The hand-over - photographing the new phone with the old one.
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More room could be found in the floor-boards of a house and it might have also been a lot cleaner I thought as we scurried around the basement floor of an overly exposed shopping centre. We both knocked and were knocked as the pace of creatures slowed towards the half-filled window displays. Customer interrupted customer only to be interrupted by the customer who was interrupting another customer. Human heat united with display-lighting heat as potential customers sniffed and nudged at the windows while pointing out the various models available.
For a year I'd carried two phones in my left trouser pocket, one I photographed and was occasionally reminded of birthdays with and the other I excepted misdirected calls withFor a year I'd carried two phones in my left trouser pocket, one I photographed and was occasionally reminded of birthdays with and the other I excepted misdirected calls with. Partly for technical reasons and partly due to lack of effort I never got the superior handset unlocked from its UK network. As a splendid gift from my dear mother and sister I received a more superior model than the last (thanks again) yet this time around I'd arranged the unlocking prior to my receiving the handset. A childish joy befell me as I tossed the manual to the side and liberated my Iranian SIM card.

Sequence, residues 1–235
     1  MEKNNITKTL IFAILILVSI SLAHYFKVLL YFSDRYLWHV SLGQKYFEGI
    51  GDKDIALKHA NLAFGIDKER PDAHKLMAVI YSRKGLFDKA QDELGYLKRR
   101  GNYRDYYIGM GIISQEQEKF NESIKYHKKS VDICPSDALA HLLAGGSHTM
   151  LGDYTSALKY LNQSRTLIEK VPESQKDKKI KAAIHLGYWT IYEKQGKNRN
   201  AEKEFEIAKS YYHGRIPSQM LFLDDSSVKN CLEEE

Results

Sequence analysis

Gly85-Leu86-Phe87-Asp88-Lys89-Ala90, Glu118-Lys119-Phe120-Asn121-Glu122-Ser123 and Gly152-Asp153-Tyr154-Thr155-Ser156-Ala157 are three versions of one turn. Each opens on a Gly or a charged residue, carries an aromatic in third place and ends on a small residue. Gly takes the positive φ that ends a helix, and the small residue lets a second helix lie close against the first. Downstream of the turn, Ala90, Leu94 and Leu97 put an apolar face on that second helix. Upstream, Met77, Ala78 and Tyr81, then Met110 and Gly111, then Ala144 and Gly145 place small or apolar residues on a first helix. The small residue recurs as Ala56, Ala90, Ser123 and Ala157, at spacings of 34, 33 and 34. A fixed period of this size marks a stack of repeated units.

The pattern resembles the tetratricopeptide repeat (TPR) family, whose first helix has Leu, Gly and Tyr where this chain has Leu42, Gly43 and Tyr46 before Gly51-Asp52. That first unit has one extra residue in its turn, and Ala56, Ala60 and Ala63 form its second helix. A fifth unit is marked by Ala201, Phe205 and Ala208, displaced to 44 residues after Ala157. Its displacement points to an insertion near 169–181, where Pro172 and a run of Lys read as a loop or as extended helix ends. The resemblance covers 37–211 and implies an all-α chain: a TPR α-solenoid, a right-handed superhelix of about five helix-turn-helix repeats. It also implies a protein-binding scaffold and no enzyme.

"'Inactive SIM', it says, you sure this was unlocked?" As I was to later find out, the Islamic Republic, in an effort to stop black market trading have called for all phones as of October 2006 to be registered. There are two ways* around this for me: the 'right way' is to find some office, bring the box, a receipt, my passport, my flight ticket and maybe money; the 'wrong way' is in theory less bother, or so I thought until visiting the basement of bull shitters.
"They don't even say anything, they just lift their head with a 'tut'", my friend exclaimed as we leap-frogged shop-to-shop. Aside from this response there was, "this phone is the only one that can't have this done", and, "50,000", "70,000", "90,000". The price increased with each shop that boasted the ability yet my desire to give up increased with every person informing me that this one specific phone can't be tampered with.
So it's the 'right way' for me now, yet I'm not expecting the process to be any less clear or frustrating.
*There is a third, which involves joining the recently introduced private network, IranCell, boasting many (long overdue) new features to the Iran market (MMS, WAP and the likes). This company have broken the monopoly and brought reasonable prices for SIM cards as well as putting a boot up the arse of state-run oversubscribed effort.